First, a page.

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360 degree feedbackGiving 360 Feedback

360 Feedback Mistakes – Part 2 – Pitfalls for respondents

Our last article looked at 6 reasons why 360 feedback fails. This article looks at one critical element of the process – giving 360 feedback. We look at 4 pitfalls for 360 feedback respondents. After all, much of the success depends on the quality of feedback.

Feedback respondents, will determine how participants react to the process and the value that they take away from it. The reactions range from inspiration and energy for change to loss of self-confidence, and damaged relationships. Somewhere in the middle is an undesirable state of indifference and no sustained change.

So, what goes wrong for respondents who are giving 360 feedback?

1.    Selecting the wrong respondents

Many people take care in selecting people who will give them the most useful feedback. However, those less experienced, with 360 feedback often select on the following criteria:

  • Choosing everyone in each category e.g. all their direct reports and all their peers. Almost inevitably some people won’t be suitable. The relationship is too new or they have to little exposure to the individual to get accurate feedback. The results are likely to be far too many ‘n/a’ scores which devalue the strength and validity of messages. 
  • Selecting only those with whom they already have a good relationship.  For an immediate validation of self, this is not a bad strategy. However, it is less likely to yield useful pointers for improvement and development. It takes courage to ask those where the relationship needs improving but it pays big dividends.
  • Taking a narrow view of potential respondents. External people such as customers or suppliers or partners can be invaluable but are often overlooked. Make sure your 360 system allows for external respondents.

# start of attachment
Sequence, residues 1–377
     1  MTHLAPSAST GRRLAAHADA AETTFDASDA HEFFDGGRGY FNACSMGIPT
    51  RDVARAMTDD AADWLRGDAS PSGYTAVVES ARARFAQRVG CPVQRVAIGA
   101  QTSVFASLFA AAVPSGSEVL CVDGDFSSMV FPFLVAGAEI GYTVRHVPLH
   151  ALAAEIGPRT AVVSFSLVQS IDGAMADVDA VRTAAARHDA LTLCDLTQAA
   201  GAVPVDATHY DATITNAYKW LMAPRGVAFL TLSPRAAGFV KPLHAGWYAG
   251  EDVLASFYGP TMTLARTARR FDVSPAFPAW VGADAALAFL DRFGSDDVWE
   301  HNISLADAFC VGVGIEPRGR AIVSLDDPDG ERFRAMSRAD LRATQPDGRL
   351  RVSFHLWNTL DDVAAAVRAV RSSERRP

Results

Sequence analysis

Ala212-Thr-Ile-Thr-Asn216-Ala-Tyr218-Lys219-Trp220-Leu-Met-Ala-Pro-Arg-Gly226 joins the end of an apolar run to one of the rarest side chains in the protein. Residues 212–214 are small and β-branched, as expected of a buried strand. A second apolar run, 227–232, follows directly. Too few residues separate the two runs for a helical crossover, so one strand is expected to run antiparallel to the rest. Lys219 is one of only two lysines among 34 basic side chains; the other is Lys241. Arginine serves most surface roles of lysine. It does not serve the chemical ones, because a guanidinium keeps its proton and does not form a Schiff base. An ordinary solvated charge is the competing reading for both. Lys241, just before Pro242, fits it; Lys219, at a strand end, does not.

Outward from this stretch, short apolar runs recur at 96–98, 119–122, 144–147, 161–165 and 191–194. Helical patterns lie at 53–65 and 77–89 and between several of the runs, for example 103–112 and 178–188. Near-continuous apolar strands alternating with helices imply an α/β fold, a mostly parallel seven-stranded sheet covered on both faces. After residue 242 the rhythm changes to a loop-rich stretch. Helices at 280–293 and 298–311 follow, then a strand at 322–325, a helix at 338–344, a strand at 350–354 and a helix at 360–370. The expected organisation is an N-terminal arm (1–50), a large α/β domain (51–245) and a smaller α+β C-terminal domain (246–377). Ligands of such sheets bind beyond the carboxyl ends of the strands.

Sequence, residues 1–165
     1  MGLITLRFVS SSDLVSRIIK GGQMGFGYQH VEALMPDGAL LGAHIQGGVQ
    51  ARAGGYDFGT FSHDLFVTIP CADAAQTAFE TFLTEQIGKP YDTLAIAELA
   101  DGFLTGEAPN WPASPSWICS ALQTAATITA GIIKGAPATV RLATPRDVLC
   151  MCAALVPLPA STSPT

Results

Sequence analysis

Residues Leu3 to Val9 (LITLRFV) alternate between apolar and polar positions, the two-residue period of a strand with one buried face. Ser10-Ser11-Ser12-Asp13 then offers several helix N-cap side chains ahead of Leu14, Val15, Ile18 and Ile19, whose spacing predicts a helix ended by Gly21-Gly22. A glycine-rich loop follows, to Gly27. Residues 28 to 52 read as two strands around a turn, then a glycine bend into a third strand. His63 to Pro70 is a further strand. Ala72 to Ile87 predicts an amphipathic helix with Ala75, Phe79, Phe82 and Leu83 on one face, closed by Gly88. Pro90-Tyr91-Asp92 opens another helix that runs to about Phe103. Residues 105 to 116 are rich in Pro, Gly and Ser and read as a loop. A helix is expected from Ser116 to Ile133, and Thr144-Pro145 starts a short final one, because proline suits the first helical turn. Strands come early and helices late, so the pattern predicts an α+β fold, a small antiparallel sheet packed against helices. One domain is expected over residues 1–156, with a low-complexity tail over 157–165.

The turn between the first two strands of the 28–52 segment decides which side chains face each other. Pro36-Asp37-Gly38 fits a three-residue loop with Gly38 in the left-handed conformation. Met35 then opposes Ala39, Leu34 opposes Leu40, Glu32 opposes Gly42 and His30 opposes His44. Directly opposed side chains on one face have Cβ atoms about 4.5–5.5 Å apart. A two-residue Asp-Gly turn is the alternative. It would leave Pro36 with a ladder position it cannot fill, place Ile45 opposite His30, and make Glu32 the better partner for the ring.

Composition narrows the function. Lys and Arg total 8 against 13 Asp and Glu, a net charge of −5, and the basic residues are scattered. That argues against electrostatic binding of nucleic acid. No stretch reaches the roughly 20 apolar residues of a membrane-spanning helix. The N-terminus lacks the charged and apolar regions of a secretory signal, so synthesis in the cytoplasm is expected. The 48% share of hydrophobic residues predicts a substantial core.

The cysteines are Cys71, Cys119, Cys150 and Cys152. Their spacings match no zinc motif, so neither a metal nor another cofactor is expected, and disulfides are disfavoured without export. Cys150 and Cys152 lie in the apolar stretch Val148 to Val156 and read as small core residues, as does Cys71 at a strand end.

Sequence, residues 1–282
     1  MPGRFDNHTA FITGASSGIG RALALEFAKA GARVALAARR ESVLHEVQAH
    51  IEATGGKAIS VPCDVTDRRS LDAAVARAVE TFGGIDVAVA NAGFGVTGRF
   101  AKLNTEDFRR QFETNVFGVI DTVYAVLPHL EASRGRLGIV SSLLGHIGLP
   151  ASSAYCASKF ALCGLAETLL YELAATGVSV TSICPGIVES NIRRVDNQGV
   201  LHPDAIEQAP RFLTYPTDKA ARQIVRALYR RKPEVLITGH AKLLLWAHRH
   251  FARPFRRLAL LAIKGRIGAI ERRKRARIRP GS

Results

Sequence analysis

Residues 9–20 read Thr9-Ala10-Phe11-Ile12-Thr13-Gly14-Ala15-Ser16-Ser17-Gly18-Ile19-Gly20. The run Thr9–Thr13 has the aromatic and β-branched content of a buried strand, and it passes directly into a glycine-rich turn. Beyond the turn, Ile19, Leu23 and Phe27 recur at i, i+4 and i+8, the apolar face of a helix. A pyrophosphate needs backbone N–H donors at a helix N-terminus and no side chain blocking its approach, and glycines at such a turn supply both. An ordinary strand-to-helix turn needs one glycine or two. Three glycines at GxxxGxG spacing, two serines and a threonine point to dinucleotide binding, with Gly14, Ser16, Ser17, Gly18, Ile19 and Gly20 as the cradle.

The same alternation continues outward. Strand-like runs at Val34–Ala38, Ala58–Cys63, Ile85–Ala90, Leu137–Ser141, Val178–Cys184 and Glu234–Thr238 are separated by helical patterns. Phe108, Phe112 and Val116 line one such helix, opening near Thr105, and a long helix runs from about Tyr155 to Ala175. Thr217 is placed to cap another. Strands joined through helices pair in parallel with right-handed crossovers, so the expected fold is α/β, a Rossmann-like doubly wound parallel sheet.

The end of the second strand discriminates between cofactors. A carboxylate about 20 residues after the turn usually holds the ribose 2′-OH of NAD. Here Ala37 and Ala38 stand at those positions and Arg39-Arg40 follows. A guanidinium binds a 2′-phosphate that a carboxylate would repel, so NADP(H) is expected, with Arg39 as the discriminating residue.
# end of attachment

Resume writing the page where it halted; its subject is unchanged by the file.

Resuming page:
Good practice guidelines

  • Ensure your communication about the 360 feedback process is transparent and makes the purpose clear to both participants and respondents.
  • Provide a briefing for everyone participating in the 360 process to help them think through their selection of respondent
  • Introduce a sign-off process. This is particularly useful when 360 feedback is introduced for hte first time. Either the line manager or HR manager should cast a look over the proposed respondents and be able to challenge or make suggestions.
  • Allow people to opt out of being a respondent if they are uncomfortable.

2.    Fear of giving honest feedback

Respondents need to feel comfortable and confident about being honest when giving 360 feedback. That means creating the right environment for them and positioning the process positively.

Typical fears that we come across in organisations are:

  • Fear that their feedback will be used for the participants performance review. People don’t want to feel that they negatively influence appraisals or pay and will respond accordingly.
  • Fear of impacting on other events in the organisation. One of our clients planned to introduced a 360 process just after announcing a major re-structure. The resistance from respondents resulted in them delaying until the dust had settled.
  • General concerns about anonymity, confidentiality and use of data. 

Good practice guidelines

  • Be clear that the 360 feedback objectives are wholly developmental and positive.
  • Consider timing and what else is going on in the organisation. It’s worth waiting to get the timing right and improving the return on your investment.